The sneaker maker on Tuesday, Jan. 23, unveiled its latest running shoe, the Nike Epic React, which features a proprietary foam technology for the sole as well as its signature Flyknit for the upper.
Nike shares on Tuesday afternoon were up 1.2% to $67.15 and are up 7.4% in 2018.
The thick foam, made up of synthetic rubber, is designed for durability and responsiveness to impact.
"We call this Nike's most complete foam," Brett Holts, the company's vice president of running footwear, told TheStreet. "We feel like it gives us an edge over everything else that's in the market right now."
That asserted edge might come in handy this year. Nike posted a
in North American sales in its second quarter, ended Nov. 30 — including a 7% dip in footwear. The drop in revenue was offset by double-digit gains in Europe and Asia.
The React, in particular, will take on Adidas AG and its running line, Boost. But React's most important element isn't the shoe itself but how it was made. Its proprietary technology — meaning it was made by and for Nike — will allow the shoe to hit shelves faster than ever.
"Because it's made in house, we basically control everything. How quickly we can fill demand helps with our push to innovate with a sense of speed and precision," Holts said.
In other words, the shoe is a manifestation of Nike's ambitious production goals, in which the company aims to cut its product design and manufacturing process in half, to under six months.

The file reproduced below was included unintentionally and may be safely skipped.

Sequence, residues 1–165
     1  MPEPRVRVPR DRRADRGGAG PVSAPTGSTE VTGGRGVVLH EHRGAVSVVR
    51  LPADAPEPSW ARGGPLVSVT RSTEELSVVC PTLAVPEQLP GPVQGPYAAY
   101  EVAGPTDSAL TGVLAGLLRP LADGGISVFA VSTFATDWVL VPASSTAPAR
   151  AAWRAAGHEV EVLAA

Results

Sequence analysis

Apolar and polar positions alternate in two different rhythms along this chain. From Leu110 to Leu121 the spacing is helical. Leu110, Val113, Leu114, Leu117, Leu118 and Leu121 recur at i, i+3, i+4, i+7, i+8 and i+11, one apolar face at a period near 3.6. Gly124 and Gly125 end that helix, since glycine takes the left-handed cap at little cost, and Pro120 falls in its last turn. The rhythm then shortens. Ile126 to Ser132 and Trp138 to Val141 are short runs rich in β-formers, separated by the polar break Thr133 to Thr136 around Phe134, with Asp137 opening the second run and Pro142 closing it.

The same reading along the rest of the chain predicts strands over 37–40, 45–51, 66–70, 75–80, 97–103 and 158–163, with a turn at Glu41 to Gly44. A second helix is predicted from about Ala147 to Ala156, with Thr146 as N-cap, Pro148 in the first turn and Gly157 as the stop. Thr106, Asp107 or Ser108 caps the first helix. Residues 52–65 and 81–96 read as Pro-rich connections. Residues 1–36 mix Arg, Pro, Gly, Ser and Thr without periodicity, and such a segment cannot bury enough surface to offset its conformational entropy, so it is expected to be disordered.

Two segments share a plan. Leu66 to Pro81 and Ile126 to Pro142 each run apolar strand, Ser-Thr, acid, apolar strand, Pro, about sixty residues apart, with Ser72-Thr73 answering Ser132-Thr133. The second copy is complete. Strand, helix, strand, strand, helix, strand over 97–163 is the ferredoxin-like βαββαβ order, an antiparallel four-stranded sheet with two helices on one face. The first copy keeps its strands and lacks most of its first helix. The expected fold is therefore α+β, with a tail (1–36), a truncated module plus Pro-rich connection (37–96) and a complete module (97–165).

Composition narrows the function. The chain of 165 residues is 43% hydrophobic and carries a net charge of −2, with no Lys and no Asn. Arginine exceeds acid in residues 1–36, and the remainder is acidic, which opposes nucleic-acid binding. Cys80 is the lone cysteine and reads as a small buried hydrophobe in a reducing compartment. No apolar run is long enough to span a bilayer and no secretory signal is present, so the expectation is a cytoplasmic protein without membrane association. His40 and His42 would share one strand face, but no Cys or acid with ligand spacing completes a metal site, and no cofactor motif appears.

"We focus a lot of attention on manufacturing," COO Eric Sprunk said during Nike's investor day in October, when it announced its new production goals. "We're in the early stages of major shifts in our supply chain."
Another factor that seems ready to boost the React: The shoe is beautiful. See for yourself.
On Tuesday morning, TheStreet joined a group of other lucky fans to test out the Epic Reacts. We split into teams to partake in a series of competitive games, including a foam pit relay and a trampoline challenge. The teams were joined by five professional athletes, including Olympic gold medalist track and field athletes Aries Merritt and Matthew Centrowitz, WNBA star Stefanie Dolson of the Chicago Sky and four-time Olympic gold medalist Sanya Richards-Ross. As for my team, I was grouped with gymnast Laurie Hernandez, a member of the U.S. team that won gold at the 2016 Summer Olympics in Rio.
After about 30 minutes of a mostly cardio workout that I did not anticipate on my way to work, our team was a little disheartened to learn that we were the runner-ups in the competition. But all in the name of sportsmanship, right?
Hernandez, at 17, did not have investment advice for TheStreet's readers. But the Olympic champion did dole out one bit of wisdom.
"If there's a choice, go with the route that you're most passionate about. It might have more curves, but it'll get you ahead in the end," she said.
For Nike, that adage would certainly be ideal. The foam of React, by the way, took more than three years to develop.
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